When politics trump workers’ health, we know who gets burned
A few weeks ago, Republicans in both chambers of Congress signed on to resolutions to nullify the vaccination-or-test emergency temporary standard (ETS) recently issued by the Occupational Safety and Health Administration (OSHA). We’ve seen a version of this movie before, and it didn’t make for happy viewing.
The ETS that’s the subject of the current Republican effort follows the Trump administration’s abject failure to require employers to implement practices to stem the spread of coronavirus. It also follows an ETS Biden’s OSHA published in June that covered only health care industry workers. Faced with a rampaging delta variant, on Nov. 5 the workplace safety agency issued this latest emergency standard, requiring employers with 100 or more employees to ensure their employees are either vaccinated or tested at least weekly for COVID-19. It’s unleashed a firestorm of opposition from the Republican side.
Even before the standard was issued, Texas Gov. Greg Abbott (R) called it “an assault on private business,” while South Carolina Gov. Henry McMaster (R) vowed to fight “to the gates of hell.” As soon as it was published, Republican-led states and an assortment of businesses filed an avalanche of lawsuits. These challenges found the friendly ear of a panel of three 5th U.S. Circuit Court of Appeals judges, who temporarily barred OSHA from implementing the regulation. Under a federal appeals court lottery procedure, the multiple lawsuits will now be decided by the 6th Circuit Court of Appeals. Until it does, OSHA has asked the court to lift the stay.
Apparently finding redress to the courts inadequate for their political purposes, on Nov. 17 all 50 Republican senators and at least 170 Republican House members chose a path they know will lead to a dead end. They’re bringing the resolutions to rescind the vaccine-or-test ETS under the 1996 Congressional Review Act (CRA), a Newt Gingrich-era, less-government-is good-government law that gives Congress the ability to overturn agency rules during a short period after they’re issued. Because it requires backing from a majority of both houses of Congress and the president, this particular effort is doomed to fail as anything more than political posturing.
Twenty years ago, though, Republicans successfully brandished the CRA against another OSHA regulation. The product of a decade of painstaking work by health and safety experts, the “ergonomics standard” sought to reduce the growing incidence of disabling workplace-related musculoskeletal injuries, like back and shoulder injuries, and carpal tunnel syndrome. Published at the end of the Clinton presidency, in early 2001 it faced a hostile Republican-controlled Congress and a newly-elected George W. Bush. In a burst of deregulatory zeal, it was eviscerated with the stroke of the president’s pen.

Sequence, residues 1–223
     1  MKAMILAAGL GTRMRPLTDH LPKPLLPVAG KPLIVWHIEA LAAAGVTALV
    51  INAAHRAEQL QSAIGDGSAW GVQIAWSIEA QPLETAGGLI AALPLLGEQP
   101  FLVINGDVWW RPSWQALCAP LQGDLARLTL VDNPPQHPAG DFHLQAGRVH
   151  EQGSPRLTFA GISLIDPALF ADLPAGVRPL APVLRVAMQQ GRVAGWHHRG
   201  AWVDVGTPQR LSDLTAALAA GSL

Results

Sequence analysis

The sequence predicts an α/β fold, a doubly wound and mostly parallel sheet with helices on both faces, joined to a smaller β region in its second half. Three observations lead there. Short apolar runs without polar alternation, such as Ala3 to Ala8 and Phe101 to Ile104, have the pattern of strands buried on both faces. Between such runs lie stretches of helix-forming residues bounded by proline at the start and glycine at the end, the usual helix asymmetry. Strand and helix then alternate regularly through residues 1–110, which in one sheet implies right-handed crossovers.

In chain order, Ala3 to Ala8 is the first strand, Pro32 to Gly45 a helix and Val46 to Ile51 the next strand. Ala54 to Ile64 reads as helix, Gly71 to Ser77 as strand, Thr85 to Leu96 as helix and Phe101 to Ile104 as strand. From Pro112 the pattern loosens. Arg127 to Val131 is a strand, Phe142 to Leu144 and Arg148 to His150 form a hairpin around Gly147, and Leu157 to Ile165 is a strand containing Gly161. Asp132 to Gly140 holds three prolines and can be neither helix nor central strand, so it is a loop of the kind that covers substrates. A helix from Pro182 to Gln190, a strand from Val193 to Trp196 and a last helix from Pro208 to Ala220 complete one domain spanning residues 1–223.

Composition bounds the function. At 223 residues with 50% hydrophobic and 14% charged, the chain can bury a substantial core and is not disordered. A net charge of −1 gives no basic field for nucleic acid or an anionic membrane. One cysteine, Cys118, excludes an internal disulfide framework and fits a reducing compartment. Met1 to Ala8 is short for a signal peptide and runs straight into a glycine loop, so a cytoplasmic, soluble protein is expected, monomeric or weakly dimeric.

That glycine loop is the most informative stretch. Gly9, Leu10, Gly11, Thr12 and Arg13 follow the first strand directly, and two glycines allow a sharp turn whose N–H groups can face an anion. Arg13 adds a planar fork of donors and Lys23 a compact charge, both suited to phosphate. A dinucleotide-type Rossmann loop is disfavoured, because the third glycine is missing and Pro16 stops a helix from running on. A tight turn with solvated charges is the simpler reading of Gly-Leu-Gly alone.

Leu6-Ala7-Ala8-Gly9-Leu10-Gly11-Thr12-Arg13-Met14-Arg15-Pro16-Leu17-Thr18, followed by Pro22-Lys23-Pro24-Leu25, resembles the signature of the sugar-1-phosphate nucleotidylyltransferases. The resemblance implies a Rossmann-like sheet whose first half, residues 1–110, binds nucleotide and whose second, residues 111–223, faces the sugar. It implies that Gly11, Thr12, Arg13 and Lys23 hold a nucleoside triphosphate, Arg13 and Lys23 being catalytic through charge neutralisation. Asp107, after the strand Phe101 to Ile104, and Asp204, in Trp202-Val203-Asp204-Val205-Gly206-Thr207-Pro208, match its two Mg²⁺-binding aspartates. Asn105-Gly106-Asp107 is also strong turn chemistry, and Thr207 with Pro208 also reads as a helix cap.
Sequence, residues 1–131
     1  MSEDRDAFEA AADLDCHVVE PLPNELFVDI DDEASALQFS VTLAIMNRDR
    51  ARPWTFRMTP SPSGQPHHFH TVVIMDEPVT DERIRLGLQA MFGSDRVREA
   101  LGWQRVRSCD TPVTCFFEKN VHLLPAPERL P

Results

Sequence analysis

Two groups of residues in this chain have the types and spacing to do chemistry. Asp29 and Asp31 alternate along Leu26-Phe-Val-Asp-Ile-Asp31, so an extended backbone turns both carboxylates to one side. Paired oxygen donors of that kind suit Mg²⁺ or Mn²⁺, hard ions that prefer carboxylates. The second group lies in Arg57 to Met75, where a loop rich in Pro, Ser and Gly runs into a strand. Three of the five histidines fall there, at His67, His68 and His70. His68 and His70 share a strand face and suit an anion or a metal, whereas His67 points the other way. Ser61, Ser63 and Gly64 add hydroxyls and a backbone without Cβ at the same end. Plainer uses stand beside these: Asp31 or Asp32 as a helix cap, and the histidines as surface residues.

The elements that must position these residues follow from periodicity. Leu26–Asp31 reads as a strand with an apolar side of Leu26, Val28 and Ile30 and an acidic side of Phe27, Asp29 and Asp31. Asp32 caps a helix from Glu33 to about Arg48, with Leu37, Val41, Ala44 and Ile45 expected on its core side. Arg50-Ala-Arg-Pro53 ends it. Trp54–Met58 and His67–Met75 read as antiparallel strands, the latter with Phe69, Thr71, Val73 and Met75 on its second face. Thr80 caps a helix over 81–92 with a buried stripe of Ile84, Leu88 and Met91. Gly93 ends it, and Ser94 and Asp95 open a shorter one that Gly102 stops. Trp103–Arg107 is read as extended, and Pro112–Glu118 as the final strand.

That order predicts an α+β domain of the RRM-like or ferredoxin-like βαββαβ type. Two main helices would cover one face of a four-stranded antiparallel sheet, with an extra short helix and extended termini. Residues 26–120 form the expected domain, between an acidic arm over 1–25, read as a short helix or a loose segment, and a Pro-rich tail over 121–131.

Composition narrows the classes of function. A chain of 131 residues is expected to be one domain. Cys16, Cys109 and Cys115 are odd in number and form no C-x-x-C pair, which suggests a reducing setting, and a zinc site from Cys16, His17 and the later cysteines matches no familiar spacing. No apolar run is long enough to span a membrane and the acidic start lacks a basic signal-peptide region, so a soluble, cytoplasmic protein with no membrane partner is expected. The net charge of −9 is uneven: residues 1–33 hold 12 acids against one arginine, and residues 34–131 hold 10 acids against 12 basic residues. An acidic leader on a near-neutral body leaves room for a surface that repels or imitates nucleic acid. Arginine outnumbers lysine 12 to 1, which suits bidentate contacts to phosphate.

Workers paid. The Bureau of Labor Statistics tells us that in 2018 musculoskeletal disorders accounted for 30 percent of workplace lost-time injuries and illnesses. Forty percent of U.S. workers report chronic or recurrent musculoskeletal pain, and 15 percent report pain on most days. And for years, these disorders were commonly treated with addictive prescription pain killers. So it’s not surprising to see a line drawn — as many studies do — between work-related pain treatment and the opioid public health crisis we face today.
An untold number of opioid deaths could have been prevented had the ergonomics standard not been snuffed out in its infancy in 2001. In other words, workers have seen the kill-the-OSHA-regulation movie before, and it didn’t end well.
Meanwhile, what the courts will do with the legal challenges to the ETS is up for grabs. That’s very troubling, because COVID-19 isn’t finished with us yet, as the still-proliferating delta variant, and now a new and possibly more pernicious omicron strain, make unmistakably clear. Vaccination or testing, as prescribed by the ETS, remain vital preventions of workplace spread of the virus.
If allowed to go into effect, the ETS is expected to prevent 250,000 hospitalizations and save at least 6500 workers’ lives. That estimate doesn’t include the damage omicron could do. Yet Republican politicians, in Congress and in the states, want to see it permanently blocked. In fact, as of this writing — in the very latest version of this bad film — some are now urging a government shutdown if they don’t get their way.
The last thing workers and their families need is another movie with a tragic ending that should have been otherwise.
Michael Felsen enforced federal worker protection laws, including OSHA, as an attorney with the U.S. Labor Department’s Office of the Solicitor, concluding a 39-year career as New England regional solicitor from 2010-2018. He is currently an Access to Justice fellow with Justice at Work in Boston.